Get free courses, guided projects, and more

No spam ever. Unsubscribe anytime. Read our Privacy Policy.

In Node.js, converting an image URL to Base64 can be achieved using the request module along with the built-in Buffer class. This Base64 data can then be embedded directly into an HTML image tag, allowing the image to be displayed within the web page without linking to an external file.

First, you'll need to install the request module using npm:

$ npm install request

Here's an example of how to convert an image URL to Base64 and embed it in an HTML <img> tag:

const request = require('request');

request.get('http://example.com/image.jpg', { encoding: null }, (error, response, body) => {
    if (!error && response.statusCode == 200) {
        let base64Image = `data:${response.headers['content-type']};base64,` + Buffer.from(body).toString('base64');
        console.log('<img src="' + base64Image + '"/>');
    }
});

The encoding: null option ensures that the response body is returned as a buffer. We then prefix the Base64 data with the appropriate MIME type to create a data URL, which can be used directly in an <img> tag.

Using Axios for Image URL to Base64 Conversion

Another popular library for making HTTP requests in Node.js is Axios. You can use Axios to convert an image URL to Base64 and then embed it in an HTML <img> tag.

To use Axios, you'll first need to install it via npm:

$ npm install axios

Here's how you can use Axios to convert an image URL to Base64 and embed it in an HTML <img> tag:

const axios = require('axios');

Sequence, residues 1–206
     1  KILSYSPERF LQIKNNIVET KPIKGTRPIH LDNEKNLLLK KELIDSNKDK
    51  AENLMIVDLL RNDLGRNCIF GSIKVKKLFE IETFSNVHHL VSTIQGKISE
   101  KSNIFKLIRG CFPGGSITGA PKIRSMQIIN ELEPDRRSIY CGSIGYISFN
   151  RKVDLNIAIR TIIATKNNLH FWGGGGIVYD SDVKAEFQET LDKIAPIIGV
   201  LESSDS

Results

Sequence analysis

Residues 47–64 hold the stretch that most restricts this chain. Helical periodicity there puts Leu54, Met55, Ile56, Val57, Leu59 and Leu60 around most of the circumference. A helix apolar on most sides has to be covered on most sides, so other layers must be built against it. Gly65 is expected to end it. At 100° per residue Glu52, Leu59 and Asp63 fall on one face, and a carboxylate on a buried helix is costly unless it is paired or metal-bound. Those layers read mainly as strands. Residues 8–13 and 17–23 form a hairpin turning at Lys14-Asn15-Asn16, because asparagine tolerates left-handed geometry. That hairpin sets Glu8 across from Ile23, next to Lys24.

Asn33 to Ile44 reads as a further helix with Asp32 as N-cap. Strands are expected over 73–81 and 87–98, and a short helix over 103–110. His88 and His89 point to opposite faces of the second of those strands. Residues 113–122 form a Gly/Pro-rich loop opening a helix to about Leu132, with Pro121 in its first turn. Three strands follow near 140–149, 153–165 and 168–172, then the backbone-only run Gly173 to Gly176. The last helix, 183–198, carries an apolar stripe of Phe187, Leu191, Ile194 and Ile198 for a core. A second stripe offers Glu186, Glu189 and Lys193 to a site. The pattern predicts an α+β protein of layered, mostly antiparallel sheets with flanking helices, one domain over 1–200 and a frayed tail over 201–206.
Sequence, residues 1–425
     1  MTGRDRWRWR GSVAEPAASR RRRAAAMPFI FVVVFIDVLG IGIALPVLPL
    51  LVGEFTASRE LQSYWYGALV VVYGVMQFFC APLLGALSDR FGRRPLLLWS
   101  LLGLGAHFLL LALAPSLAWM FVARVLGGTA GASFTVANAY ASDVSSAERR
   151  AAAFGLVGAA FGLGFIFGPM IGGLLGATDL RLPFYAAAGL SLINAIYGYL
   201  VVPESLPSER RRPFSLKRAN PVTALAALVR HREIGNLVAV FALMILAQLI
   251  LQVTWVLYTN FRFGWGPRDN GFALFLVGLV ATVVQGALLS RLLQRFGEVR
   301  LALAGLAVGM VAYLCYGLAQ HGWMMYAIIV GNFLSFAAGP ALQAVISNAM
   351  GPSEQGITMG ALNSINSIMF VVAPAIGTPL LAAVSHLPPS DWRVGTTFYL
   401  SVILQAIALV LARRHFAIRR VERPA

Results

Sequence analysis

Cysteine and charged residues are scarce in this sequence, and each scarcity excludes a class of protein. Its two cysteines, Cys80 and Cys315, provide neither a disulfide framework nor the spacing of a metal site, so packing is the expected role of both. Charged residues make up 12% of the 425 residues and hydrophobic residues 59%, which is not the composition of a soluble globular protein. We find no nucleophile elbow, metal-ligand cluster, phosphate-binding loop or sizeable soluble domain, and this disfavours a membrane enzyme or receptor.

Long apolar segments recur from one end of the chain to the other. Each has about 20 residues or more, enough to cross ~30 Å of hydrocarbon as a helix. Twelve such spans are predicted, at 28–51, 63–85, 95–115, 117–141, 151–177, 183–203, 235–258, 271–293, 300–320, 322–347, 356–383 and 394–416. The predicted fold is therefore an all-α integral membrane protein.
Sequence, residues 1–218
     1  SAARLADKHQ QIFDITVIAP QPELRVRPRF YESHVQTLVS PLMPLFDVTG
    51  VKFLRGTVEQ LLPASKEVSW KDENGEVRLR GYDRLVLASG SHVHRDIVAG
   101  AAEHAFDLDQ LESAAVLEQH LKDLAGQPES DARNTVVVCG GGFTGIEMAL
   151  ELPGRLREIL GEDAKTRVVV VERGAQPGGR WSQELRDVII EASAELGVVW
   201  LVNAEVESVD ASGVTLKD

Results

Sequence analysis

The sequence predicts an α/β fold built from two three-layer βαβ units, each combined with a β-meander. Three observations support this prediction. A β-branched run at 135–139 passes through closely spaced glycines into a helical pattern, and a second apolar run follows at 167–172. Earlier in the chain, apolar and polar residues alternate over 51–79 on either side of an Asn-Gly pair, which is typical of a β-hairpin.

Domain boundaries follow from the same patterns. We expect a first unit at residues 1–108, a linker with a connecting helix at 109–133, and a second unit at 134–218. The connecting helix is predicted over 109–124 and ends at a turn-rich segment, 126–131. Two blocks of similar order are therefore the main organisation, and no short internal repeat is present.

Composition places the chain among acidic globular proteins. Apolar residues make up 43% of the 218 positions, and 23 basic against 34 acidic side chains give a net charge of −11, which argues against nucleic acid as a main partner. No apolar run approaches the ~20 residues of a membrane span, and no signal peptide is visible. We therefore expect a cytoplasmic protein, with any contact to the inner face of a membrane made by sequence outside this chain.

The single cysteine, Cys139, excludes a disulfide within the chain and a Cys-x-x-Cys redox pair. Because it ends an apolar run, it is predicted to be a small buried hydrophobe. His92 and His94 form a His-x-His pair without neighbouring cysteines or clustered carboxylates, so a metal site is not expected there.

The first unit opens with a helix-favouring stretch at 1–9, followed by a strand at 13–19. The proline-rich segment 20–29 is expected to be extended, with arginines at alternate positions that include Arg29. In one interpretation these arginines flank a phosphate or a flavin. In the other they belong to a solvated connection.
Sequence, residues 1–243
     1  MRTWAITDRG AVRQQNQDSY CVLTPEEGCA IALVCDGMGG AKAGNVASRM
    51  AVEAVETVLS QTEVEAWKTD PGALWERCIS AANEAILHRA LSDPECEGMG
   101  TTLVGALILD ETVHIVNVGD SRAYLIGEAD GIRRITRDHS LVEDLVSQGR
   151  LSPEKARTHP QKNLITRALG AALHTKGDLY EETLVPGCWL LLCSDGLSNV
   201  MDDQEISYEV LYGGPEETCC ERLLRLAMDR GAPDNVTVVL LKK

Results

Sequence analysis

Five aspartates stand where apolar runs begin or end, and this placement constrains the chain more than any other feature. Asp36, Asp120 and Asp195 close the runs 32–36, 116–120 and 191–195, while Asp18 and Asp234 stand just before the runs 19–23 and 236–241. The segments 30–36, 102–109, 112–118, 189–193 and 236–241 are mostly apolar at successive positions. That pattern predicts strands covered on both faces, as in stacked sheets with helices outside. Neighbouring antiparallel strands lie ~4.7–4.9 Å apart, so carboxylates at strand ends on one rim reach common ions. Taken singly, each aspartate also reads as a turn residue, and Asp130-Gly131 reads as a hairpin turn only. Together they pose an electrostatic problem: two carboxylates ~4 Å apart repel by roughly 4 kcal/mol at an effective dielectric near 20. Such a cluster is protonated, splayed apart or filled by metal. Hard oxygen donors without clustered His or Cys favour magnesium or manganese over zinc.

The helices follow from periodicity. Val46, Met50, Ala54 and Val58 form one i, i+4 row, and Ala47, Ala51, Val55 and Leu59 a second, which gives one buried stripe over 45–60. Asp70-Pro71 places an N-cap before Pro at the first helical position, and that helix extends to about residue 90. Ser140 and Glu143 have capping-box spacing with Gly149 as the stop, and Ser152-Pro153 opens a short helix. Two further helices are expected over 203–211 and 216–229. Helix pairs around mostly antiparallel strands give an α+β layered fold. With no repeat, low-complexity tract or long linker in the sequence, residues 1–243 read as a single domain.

axios
    .get('http://example.com/image.jpg', { responseType: 'arraybuffer' })
    .then(response => {
        let base64Image = `data:${response.headers['content-type']};base64,` + Buffer.from(response.data).toString('base64');
        console.log('<img src="' + base64Image + '"/>');
    })
    .catch(error => console.log(error));

Again, we're setting the responseType option to 'arraybuffer' and prefixing the Base64 data with the appropriate MIME type, resulting in a data URL that can be embedded directly in an <img> tag.

Note: Don't forget to handle errors in your promises! You can use a .catch() block to catch and handle any errors that might occur during the HTTP request or the conversion process.

Conclusion

Converting images and image URLs to Base64 in Node.js is a relatively straightforward process thanks to the built-in Buffer class and libraries like request and axios.

You can choose to use callbacks or promises, depending on your specific use-case and personal preference. Regardless of the method you choose, these techniques provide a simple way to work with image data in your Node.js apps.

Last Updated: August 19th, 2023
Was this helpful?
Project

React State Management with Redux and Redux-Toolkit

# javascript# React

Coordinating state and keeping components in sync can be tricky. If components rely on the same data but do not communicate with each other when...

David Landup
Uchechukwu Azubuko
Details

© 2013-2024 Stack Abuse. All rights reserved.

AboutDisclosurePrivacyTerms